Bite-Sized Reviews of Sick Kids in Love, Slay, Look Both Ways, Parker Looks Up, & Missions to Mars

Reviews 12 ★★★★½

  I’ve got five reviews for you today: two YA contemporaries, a MG book of contemporary short stories, a picture book and a non-fiction kids’ book. I hope these bite-sized reviews will be enough to feed your fiction addiction! This book shines a (glaring) spotlight on ableism. The main characters, Isabel and Sasha both have chronic illnesses that aren’t life-threatening (at least not directly) but are serious. Isabel has rheumatoid arthritis and lives in near-constant pain. She decided long ago that she didn’t want to be in a relationship—her life is just too complicated, and she knows darn well that she’s not always the most cheerful companion. But when she meets Sasha, her feelings start to change. Sasha has Gaucher Disease, an illness that puts him in the hospital often. Isabel relates to Sasha in a way she hasn’t with anyone else—he understands her, and he understands the challenges of… Read more »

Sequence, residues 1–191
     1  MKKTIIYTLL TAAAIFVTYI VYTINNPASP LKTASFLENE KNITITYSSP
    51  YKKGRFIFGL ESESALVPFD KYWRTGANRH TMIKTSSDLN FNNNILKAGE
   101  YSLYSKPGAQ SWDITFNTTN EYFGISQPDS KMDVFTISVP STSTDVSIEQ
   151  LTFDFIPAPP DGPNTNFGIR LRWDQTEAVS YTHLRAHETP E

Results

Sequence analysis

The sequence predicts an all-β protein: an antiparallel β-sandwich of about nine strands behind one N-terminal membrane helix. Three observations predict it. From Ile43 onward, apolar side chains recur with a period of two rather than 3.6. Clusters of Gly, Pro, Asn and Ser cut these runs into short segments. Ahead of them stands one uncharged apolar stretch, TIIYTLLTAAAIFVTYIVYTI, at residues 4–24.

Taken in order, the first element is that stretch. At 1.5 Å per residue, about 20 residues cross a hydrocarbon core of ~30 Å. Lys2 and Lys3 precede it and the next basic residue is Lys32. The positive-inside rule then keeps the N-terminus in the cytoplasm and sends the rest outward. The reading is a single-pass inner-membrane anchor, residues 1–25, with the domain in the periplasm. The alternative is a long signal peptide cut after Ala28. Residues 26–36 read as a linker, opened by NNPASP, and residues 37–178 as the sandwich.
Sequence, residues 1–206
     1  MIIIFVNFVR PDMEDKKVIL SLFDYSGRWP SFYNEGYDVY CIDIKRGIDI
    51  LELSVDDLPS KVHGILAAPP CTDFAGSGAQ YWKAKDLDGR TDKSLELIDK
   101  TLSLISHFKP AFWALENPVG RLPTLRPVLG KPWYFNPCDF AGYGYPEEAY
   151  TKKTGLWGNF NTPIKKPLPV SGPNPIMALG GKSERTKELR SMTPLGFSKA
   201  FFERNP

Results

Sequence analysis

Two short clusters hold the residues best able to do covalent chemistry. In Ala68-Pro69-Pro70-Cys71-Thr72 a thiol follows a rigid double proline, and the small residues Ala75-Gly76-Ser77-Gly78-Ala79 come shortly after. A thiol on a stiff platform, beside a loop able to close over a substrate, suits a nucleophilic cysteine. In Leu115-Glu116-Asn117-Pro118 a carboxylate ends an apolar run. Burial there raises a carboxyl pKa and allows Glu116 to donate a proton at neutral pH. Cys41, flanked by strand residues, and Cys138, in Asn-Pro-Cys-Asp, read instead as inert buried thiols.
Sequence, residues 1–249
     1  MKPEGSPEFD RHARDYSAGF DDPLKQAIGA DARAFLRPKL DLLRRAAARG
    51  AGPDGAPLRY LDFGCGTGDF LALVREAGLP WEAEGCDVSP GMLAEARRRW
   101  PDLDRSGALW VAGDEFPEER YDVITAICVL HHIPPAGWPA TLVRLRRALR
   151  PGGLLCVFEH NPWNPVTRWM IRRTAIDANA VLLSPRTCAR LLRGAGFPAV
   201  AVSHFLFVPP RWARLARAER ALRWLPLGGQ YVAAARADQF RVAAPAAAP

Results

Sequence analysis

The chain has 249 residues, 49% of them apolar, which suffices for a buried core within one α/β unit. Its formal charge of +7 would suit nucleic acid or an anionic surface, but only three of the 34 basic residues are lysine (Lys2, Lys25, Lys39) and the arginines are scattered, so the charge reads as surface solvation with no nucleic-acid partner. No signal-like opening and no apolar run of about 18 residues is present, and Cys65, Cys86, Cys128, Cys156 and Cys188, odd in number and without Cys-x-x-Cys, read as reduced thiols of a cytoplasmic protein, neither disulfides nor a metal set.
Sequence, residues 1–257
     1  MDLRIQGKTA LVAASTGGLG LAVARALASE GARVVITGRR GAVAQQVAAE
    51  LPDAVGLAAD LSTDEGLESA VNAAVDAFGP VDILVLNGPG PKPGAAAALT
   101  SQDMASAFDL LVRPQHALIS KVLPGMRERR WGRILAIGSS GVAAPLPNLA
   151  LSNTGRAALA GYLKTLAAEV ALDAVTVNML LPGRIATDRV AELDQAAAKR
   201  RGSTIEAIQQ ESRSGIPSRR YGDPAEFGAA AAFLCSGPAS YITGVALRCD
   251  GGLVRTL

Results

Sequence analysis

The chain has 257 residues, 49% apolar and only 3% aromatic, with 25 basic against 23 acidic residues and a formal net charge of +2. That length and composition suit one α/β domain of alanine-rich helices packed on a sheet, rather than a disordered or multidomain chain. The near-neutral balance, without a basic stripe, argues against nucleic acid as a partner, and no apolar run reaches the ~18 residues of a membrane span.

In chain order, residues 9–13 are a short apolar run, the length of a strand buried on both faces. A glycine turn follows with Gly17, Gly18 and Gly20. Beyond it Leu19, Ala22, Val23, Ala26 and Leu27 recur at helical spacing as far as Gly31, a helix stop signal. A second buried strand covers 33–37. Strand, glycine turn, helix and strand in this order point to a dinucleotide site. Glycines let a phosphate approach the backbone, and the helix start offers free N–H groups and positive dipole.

Oct 18
Bite-Sized Reviews of Pet; Scars Like Wings; Paul, Big, and Small; and Serious Moonlight

Bite-Sized Reviews of Pet; Scars Like Wings; Paul, Big, and Small; and Serious Moonlight

Reviews 18 ★★★★½

I’ve got four reviews for you today: a YA fantasy and three YA contemps. I hope these bite-sized reviews will be enough to feed your fiction addiction! This book is wild and strange and sort of brilliant. I honestly had no idea what to expect when I started reading, and I’ll confess that at first I was confused about the worldbuilding. The book is set in a utopian society where all of the evil people in the world (or “monsters”) were eliminated by a group that’s referred to as angels. Everyone knows that monsters no longer exist, so when Jam accidentally releases a creature from her mother’s painting that says it’s there to hunt them, her parents say she needs to send it back before it causes unnecessary pain and suffering. The book holds a lens to the world and how easy it is to pretend that problems (even very serious… Read more »